Returns:The number of bytes read.
readline(size=None)

Read one entire line from the file. A trailing newline character is kept in the string (but may be absent when a file ends with an incomplete line). If the size argument is present and non-negative, it is a maximum byte count (including the trailing newline) and an incomplete line may be returned. An empty string is returned only when EOF is encountered immediately.

Note

Unlike stdio’s fgets, the returned string contains null characters ('\0') if they occurred in the input.

Parameters:size (int) – maximum length of returned string.
Returns:next line of the file, or an empty string if the end of the file has been reached.

If the file was opened in binary ('b') mode: bytes are returned Else: the encoding of the file is assumed to be UTF-8 and character strings (str) are returned

readlines(sizehint=None)

Read all remaining lines using readline and return them as a list. If the optional sizehint argument is present, instead of reading up to EOF, whole lines totalling approximately sizehint bytes (possibly after rounding up to an internal buffer size) are read.

Parameters:sizehint (int) – desired maximum number of bytes to read.
Returns:list of lines read from the file.
readv(chunks)

Read a set of blocks from the file by (offset, length). This is more efficient than doing a series of seek and read calls, since the prefetch machinery is used to retrieve all the requested blocks at once.

Parameters:chunks – a list of (offset, length) tuples indicating which sections of the file to read
Returns:a list of blocks read, in the same order as in chunks

New in version 1.5.4.

seek(offset, whence=0)

Set the file’s current position.

See file.seek for details.

seekable()

Check if the file supports random access.

Returns:True if the file supports random access. If False, seek() will raise an exception
set_pipelined(pipelined=True)

Turn on/off the pipelining of write operations to this file. When pipelining is on, paramiko won’t wait for the server response after each write operation. Instead, they’re collected as they come in. At the first non-write operation (including close), all remaining server responses are collected. This means that if there was an error with one of your later writes, an exception might be thrown from within close instead of write.

By default, files are not pipelined.

Parameters:pipelined (bool) – True if pipelining should be turned on for this file; False otherwise

New in version 1.5.

setblocking(blocking)

Set blocking or non-blocking mode on the underiying socket or ssh Channel.

Parameters:blocking (int) – 0 to set non-blocking mode; non-0 to set blocking mode.
settimeout(timeout)

Set a timeout on read/write operations on the underlying socket or ssh Channel.

Parameters:timeout (float) – seconds to wait for a pending read/write operation before raising socket.timeout, or None for no timeout
stat()

Retrieve information about this file from the remote system. This is exactly like SFTPClient.stat, except that it operates on an already-open file.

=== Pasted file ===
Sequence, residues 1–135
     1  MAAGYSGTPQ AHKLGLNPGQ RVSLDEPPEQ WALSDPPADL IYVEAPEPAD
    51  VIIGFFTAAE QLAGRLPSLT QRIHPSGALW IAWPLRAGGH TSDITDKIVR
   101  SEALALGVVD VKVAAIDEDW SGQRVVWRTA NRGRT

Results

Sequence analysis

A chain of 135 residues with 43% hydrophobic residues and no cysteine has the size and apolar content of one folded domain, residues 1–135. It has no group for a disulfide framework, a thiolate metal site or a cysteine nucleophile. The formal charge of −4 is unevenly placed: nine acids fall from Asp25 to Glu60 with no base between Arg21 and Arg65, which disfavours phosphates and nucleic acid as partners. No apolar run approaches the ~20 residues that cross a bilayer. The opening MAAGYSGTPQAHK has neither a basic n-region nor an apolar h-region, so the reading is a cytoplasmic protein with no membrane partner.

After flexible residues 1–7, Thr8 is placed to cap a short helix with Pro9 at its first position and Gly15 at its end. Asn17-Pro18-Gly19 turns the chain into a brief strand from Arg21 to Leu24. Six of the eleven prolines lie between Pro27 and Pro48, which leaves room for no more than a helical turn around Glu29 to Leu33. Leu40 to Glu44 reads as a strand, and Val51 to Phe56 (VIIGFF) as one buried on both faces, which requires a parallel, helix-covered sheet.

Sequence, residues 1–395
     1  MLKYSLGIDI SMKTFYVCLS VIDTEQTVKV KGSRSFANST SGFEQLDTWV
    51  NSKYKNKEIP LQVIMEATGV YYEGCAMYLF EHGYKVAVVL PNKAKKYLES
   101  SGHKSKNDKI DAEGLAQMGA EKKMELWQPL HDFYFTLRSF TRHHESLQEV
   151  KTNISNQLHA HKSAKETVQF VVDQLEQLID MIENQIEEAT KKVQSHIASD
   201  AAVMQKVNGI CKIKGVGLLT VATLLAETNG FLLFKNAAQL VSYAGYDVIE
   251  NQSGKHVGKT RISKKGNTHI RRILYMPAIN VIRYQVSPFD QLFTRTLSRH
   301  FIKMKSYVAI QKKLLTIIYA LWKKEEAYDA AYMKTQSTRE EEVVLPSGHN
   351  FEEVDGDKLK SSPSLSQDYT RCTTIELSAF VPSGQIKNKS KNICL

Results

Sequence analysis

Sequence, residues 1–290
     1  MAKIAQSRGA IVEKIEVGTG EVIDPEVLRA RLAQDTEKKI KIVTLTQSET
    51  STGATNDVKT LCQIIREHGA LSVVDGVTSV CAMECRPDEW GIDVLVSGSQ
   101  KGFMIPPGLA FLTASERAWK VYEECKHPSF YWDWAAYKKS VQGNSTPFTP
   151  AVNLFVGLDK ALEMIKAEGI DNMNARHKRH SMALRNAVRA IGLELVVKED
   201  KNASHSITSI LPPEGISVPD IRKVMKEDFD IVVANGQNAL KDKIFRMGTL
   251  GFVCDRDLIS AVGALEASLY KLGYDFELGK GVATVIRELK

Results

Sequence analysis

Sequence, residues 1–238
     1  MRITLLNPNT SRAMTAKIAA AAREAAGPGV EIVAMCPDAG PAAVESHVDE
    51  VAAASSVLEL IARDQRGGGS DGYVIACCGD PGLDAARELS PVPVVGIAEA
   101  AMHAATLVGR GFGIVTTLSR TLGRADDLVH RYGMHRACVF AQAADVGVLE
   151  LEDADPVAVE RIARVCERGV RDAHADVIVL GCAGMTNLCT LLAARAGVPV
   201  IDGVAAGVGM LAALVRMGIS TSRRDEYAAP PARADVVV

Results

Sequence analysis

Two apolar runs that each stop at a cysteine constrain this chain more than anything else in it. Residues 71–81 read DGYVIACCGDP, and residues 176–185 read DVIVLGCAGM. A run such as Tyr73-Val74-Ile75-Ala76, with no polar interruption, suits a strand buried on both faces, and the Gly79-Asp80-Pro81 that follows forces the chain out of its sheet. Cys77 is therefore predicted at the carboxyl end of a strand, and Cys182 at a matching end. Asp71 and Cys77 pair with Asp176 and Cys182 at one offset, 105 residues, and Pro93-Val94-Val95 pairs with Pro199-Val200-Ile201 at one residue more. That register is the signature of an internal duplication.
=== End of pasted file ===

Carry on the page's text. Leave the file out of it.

Returns:an SFTPAttributes object containing attributes about this file.
tell()

Return the file’s current position. This may not be accurate or useful if the underlying file doesn’t support random access, or was opened in append mode.

Returns:file position (number of bytes).
truncate(size)

Change the size of this file. This usually extends or shrinks the size of the file, just like the truncate() method on Python file objects.

Parameters:size – the new size of the file
utime(times)

Set the access and modified times of this file. If times is None, then the file’s access and modified times are set to the current time. Otherwise, times must be a 2-tuple of numbers, of the form (atime, mtime), which is used to set the access and modified times, respectively. This bizarre API is mimicked from Python for the sake of consistency – I apologize.

Parameters:times (tuple) – None or a tuple of (access time, modified time) in standard internet epoch time (seconds since 01 January 1970 GMT)
writable()

Check if the file can be written to.

Returns:True if the file can be written to. If False, write will raise an exception.
write(data)

Write data to the file. If write buffering is on (bufsize was specified and non-zero), some or all of the data may not actually be written yet. (Use flush or close to force buffered data to be written out.)

Parameters:datastr/bytes data to write
writelines(sequence)

Write a sequence of strings to the file. The sequence can be any iterable object producing strings, typically a list of strings. (The name is intended to match readlines; writelines does not add line separators.)

Parameters:sequence – an iterable sequence of strings.
xreadlines()

Identical to iter(f). This is a deprecated file interface that predates Python iterator support.

Abstraction of an SFTP file handle (for server mode).

class paramiko.sftp_handle.SFTPHandle(flags=0)

Abstract object representing a handle to an open file (or folder) in an SFTP server implementation. Each handle has a string representation used by the client to refer to the underlying file.

Server implementations can (and should) subclass SFTPHandle to implement features of a file handle, like stat or chattr.

Instances of this class may be used as context managers.

__init__(flags=0)

Create a new file handle representing a local file being served over SFTP. If flags is passed in, it’s used to determine if the file is open in append mode.